Nearly 91,000 people from the new member states of the European Union registered to work in Britain in the first five months after EU expansion, official figures reveal.
Home secretary David Blunkett said the worker registration scheme – created because of concerns the UK would see huge numbers of migrants from Eastern Europe – had been a success.
Blunkett said the new arrivals had helped to fill job vacancies in hospitality and agriculture, and had also legalised some who had not previously been paying tax.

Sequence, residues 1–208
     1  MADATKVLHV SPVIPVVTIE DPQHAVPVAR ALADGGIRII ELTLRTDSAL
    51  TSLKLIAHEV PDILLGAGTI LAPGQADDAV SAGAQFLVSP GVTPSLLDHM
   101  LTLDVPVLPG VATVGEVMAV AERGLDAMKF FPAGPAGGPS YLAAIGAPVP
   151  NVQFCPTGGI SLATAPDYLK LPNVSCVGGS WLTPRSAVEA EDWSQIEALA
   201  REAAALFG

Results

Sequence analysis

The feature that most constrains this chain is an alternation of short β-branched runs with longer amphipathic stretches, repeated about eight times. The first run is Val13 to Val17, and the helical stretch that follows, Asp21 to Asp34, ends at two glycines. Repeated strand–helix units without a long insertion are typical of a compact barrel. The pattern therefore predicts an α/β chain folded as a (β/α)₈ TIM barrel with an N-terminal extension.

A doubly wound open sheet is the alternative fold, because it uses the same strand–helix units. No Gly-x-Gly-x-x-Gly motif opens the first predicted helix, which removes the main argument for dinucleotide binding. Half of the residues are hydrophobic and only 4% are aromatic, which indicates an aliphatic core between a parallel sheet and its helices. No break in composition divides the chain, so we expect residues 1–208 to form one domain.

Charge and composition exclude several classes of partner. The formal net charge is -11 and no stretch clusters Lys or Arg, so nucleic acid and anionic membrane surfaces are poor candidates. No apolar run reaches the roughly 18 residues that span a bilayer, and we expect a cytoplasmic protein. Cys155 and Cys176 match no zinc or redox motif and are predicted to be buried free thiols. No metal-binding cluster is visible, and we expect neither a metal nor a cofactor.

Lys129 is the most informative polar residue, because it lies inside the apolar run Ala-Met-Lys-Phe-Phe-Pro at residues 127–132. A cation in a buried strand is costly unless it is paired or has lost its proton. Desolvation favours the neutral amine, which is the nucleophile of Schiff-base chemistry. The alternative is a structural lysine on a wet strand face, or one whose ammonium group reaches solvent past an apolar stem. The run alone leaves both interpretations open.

“Our commonsense approach to EU enlargement has put us at a clear advantage compared to the rest of Europe,” he told a TUC conference on migrant working in central London.
“Illegal workers have legitimised their status and are contributing to the economy, benefiting from protection in the workplace and allowing us to focus resources on other forms of illegal working.”